“It’s like buses. You wait ages for one, and then two turn up,” he smiled.


Made Cut-Did Not Finish (MDF)

Bidding wars. We’ll match your U.S. Open with a PGA Championship and a Ryder Cup wild card.

Perhaps the negotiations were more complicated than that, but essentially that was the offer the PGA of America gave to San Francisco’s iconic Olympic Club, which had hosted the U.S. Open five times and seemed to be a lock for a future visit.

Instead, club officials agreed to the deal with the PGA and will host the 2028 PGA Championship and ’32 Ryder Cup.

It was clear the draw of the Ryder Cup was what compelled club officials to embrace the PGA’s offer.

“It’s Alabama-Auburn on a Saturday afternoon,” Olympic Club president Dan Dillon told the San Francisco Chronicle.

There’s little doubt Olympic Club is a solid move for the Ryder Cup, which hasn’t been played on the West Coast since 1959, but much can change in 15 years and a decade from now this deal could look much different.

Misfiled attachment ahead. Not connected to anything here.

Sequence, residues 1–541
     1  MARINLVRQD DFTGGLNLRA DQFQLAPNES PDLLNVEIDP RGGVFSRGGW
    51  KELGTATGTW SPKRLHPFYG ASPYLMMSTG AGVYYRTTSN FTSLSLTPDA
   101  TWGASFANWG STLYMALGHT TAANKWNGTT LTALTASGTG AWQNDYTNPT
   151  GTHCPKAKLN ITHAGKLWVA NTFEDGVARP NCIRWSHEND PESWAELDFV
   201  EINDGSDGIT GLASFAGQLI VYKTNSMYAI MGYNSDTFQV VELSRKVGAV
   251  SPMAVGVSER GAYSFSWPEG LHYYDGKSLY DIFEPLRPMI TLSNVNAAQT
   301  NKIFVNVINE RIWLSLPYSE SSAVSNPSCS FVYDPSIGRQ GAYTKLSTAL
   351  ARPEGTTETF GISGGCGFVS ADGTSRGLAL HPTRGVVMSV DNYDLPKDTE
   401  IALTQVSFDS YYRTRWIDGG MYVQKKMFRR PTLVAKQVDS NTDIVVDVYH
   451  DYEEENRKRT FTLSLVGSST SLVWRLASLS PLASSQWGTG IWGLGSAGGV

Owning it. It’s easy to criticize, just scroll through your social media feed to prove the point.

What’s often difficult is owning a mistake, particularly for a man like Mike Whan, the LPGA commissioner who admitted this week on Golf Channel that moving the Evian Championship to September was wrong.

Whan was criticized this year over his decision to scrub scores from the first round in France and then to shorten the major championship to 54 holes after multiple weather delays, which have become the norm since the event moved to September.

“The challenges we’ve faced are man-made,” Whan said. “And I’m the man who made them.”

Whan said the tour will move the Evian “back to a summer date,” by 2019. Mistakes are human, but responsibility is often a rare trait.


Missed Cut

Collateral damage. Although the details are still being worked out, it seems the Tour is inching closer to a condensed schedule beginning in 2019. While that may intrigue some it seems these moves won’t occur without a cost.

Recent news that Dean & DeLuca informed organizers at Colonial Country Club that they may not be able to meet their financial obligations to sponsor the tournament in 2018 has created more than a short-term bind.

According to the Fort Worth Star-Telegram, officials at the annual Tour stop have until Dec. 1 to resolve their sponsorship issues. What that exactly means is unclear, but it doesn’t sound encouraging.

The sweeping schedule changes proposed for ’19 include the PGA Championship moving from August to May and a Labor Day finish for the Tour season, all of which could make the Colonial stop expendable.